Kadum durian from Thailand are being sold by many stores in Vietnam for typically VND330,000 ($13.60) per kg, an increase of 15% compared to last year.
Vietnam’s durian season is coming to an end and supply in the domestic market is gradually running out, so traders have turned to imports of off-season durians from Thailand such as Kadum, each weighing 2-4 kg.
According to fruit stores in Hanoi and Ho Chi Minh City, each day they can only import about 300-500 kg of Kadum durian and sell out in 2-4 days. The price ranges VND250,000-330,000 per kg, 50% higher than Vietnamese durians.
Oanh, the owner of a fruit store in District 5, HCMC, said this is the first time she has imported Kadum durians because they look nice, have a soft and sweet taste, and melt quickly in the mouth.
“I’m selling each Kadum durian for as much as VND950,000. People who love Thai durians will buy this immediately without thinking about the price because this is a limited [Thai] variety,” Oanh said.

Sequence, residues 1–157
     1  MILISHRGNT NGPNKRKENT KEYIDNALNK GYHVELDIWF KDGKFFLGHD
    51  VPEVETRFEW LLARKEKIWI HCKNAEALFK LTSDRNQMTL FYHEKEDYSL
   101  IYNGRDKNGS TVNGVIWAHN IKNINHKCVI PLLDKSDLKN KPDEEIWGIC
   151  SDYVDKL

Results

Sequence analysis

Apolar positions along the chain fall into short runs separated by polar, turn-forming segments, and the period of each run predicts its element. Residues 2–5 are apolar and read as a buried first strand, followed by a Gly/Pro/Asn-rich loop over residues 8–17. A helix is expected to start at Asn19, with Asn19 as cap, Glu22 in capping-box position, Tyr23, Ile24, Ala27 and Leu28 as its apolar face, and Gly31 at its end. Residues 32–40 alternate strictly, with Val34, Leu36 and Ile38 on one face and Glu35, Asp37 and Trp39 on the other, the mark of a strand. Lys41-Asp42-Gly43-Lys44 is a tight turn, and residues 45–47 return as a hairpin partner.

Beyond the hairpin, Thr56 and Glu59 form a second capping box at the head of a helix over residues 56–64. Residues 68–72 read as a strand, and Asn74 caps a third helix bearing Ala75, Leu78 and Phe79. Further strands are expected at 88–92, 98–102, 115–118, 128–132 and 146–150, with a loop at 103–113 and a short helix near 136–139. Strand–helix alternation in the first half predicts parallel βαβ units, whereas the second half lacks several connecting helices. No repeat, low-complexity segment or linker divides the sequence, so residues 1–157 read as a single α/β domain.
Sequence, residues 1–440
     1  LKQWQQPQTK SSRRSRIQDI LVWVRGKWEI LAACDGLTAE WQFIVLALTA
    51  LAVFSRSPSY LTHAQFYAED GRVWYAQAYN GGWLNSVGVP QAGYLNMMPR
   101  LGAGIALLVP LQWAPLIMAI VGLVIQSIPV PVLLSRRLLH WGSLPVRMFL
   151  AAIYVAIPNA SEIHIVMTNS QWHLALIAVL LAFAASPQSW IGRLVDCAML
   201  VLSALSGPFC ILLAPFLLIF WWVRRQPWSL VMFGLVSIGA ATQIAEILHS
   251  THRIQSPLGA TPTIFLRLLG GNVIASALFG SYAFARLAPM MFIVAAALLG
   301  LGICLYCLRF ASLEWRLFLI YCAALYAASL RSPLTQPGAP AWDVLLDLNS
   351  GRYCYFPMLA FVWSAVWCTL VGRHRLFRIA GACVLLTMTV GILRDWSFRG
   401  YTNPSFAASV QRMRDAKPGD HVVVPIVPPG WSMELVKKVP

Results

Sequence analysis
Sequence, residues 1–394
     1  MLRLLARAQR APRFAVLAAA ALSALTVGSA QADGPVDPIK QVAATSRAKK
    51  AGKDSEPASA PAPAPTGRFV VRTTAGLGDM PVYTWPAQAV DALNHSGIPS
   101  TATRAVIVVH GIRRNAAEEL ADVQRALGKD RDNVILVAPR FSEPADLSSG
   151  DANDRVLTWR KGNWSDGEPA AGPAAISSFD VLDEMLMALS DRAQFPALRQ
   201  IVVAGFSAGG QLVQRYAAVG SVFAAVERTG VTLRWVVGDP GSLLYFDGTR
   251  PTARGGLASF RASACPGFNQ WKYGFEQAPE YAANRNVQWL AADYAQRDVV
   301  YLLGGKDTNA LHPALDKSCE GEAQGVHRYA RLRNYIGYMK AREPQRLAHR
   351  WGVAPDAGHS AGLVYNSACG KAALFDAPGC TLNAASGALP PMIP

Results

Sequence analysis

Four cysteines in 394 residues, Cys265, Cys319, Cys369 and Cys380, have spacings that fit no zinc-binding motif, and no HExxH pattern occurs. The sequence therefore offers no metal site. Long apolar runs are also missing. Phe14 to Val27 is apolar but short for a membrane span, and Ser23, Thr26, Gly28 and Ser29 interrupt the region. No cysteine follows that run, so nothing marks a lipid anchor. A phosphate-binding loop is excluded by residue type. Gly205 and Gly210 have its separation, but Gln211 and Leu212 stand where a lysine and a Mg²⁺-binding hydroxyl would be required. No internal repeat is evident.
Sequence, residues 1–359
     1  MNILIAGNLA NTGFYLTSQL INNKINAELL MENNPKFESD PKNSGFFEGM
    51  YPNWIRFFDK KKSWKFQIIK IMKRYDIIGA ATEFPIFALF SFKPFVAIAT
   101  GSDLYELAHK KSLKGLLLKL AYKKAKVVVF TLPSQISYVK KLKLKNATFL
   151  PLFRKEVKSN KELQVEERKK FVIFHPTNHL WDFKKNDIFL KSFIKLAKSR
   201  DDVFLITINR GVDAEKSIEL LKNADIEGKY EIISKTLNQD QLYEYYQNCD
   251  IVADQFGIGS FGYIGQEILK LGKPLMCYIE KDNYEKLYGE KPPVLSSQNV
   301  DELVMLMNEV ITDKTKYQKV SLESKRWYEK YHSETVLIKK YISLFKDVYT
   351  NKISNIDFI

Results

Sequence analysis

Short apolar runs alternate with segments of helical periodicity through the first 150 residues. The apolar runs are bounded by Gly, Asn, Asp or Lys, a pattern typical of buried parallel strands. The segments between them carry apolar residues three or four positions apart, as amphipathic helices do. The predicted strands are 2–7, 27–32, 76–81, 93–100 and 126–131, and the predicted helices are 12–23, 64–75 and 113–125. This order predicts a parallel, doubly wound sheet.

Kieu Trung in Tan Phu District, HCMC, who just imported 300 kg of Thai durian, said this variety is quite popular. She imported a few hundred kilograms and quickly sold them all.
“What makes this type of durian stand out is its golden, soft, rich and sweet pulp, with no bitterness in the aftertaste. Because supplies are scarce and demand is high, the price of this item has increased by 15% compared to last year,” Trung said.
In addition, according to traders, China has increased purchases of durian from Vietnam and Thailand this year, combined with increased shipping costs, causing fluctuations in the imported durian price to Vietnam. For durians imported by air, the price can go up to VND440,000 per kilogram.
Representatives of wholesale markets in Ho Chi Minh City said that Thai goods traders at the market did not import this product because the quantity is too small and the price is high. Most of the Thai durians sold on the market come directly from importers, not through markets.
Kadum durians have been grown in Cai Mon Hamlet of the Mekong Delta’s Ben Tre Province since 1995, but due to unsuitable soil, the quality is not as renowned as Thai durians.